As to whether I think of my more ardent poet friends or acquaintances as "fallacious": no. I don't think of people caught within the dream of literature fallacious. I just think they are following the logic of the game they find themselves in. Part of that logic is belief -- believing in the religion of literature -- and part of that is the pretense not to believe. Performative indifference is part of an avant garde (or, as it's called now, "post avant") symbolic economy, just as the dream of what you call "lasting value" is part of a more established symbolic/financial economy of letters. And the machine has to turn: margin to center; acoustic to electric; Alan to Golding; outlaw to classic. The two different non-desirable-locales, as you call them, depend on each other. Sure you can find a viable third realm if you believe in Santa Claus. And lots of people do -- and one can make the flock move this way or that way: there are lots of tactics and strategies for planting one's brand. Take your pick. One can form a group, a "movement" -- or go it alone and play the transgressor, the outlaw, the shaman, versions of the sacred heretic: all of these things work. They each have their tactical logic. None of it matters.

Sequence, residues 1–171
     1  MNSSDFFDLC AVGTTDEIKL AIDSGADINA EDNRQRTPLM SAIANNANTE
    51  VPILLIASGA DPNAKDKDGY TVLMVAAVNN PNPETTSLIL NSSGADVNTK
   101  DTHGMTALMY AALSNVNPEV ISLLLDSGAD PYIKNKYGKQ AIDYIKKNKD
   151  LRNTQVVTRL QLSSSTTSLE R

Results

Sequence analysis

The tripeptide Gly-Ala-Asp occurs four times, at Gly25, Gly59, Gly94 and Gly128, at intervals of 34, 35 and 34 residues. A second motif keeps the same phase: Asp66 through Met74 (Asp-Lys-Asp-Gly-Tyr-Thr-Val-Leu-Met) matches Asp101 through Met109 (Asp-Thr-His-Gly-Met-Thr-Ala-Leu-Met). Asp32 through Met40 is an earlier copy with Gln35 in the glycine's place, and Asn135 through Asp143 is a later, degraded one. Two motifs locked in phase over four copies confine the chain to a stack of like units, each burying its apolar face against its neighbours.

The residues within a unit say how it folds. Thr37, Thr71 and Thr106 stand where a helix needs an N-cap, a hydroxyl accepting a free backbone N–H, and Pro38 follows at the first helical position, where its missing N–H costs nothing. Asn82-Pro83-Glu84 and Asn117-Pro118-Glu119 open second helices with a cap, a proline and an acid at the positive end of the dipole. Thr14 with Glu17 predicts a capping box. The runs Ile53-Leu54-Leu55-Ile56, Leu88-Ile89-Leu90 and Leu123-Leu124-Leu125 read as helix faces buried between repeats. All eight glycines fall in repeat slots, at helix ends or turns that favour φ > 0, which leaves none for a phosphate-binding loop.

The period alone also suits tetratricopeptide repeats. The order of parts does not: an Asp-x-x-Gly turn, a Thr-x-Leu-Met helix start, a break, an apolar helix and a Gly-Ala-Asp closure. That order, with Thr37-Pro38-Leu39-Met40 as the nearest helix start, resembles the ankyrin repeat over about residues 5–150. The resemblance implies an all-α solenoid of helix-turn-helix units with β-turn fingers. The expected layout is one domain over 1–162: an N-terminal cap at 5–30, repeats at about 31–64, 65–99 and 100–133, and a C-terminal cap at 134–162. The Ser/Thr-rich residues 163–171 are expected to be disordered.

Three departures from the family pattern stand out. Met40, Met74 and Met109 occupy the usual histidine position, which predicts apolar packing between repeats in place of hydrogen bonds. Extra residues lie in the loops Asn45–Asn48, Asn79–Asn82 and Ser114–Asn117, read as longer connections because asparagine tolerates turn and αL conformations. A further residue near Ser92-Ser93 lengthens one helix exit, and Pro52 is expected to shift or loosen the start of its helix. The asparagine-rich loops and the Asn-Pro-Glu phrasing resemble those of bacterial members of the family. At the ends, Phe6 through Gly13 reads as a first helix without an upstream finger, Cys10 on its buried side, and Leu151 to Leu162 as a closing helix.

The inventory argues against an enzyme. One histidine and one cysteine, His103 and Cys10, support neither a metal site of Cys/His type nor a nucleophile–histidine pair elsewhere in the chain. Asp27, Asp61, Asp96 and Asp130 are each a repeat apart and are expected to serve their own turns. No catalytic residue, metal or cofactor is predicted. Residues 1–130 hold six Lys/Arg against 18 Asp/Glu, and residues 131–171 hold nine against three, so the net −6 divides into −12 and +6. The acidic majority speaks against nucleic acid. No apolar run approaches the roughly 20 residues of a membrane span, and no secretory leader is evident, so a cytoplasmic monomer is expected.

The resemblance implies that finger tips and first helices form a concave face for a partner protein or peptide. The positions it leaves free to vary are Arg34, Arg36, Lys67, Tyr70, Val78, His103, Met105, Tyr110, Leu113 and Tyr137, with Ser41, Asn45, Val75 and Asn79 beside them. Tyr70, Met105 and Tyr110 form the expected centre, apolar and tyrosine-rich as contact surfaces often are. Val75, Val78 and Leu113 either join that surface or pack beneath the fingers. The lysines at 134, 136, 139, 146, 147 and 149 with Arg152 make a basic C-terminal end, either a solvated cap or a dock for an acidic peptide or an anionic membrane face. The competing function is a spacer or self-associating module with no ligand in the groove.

I like the idea, but the tone is pretty snotty, in a bad way. But, wait, none of it matters? That’s surely some academic blasé shit, I think – it does matter. Or Buddhism? Otherwise, American Idol is allowed to matter. And, American Idol is real shit that doesn’t matter. GG is, I think finally so interesting because he prefers the ‘dream’ of the public space of the freeway to the ‘dream’ of literature, which matters only to literati. And we KNOW that Hardee’s matters more to the world than poetry does – So, I appreciate the outwardness of the idea here, even as I bristle at the tone. GG and all of us benefit from our lil dream inside the bigger dream. And I think that being on the line between dreaming and waking is the kind of tense experience of ‘reading reality’ that poetry persists in offering. Or, as F. Gander put it in Make Magazine (paraphrase) – poetry doesn’t have to matter to everyone to matter.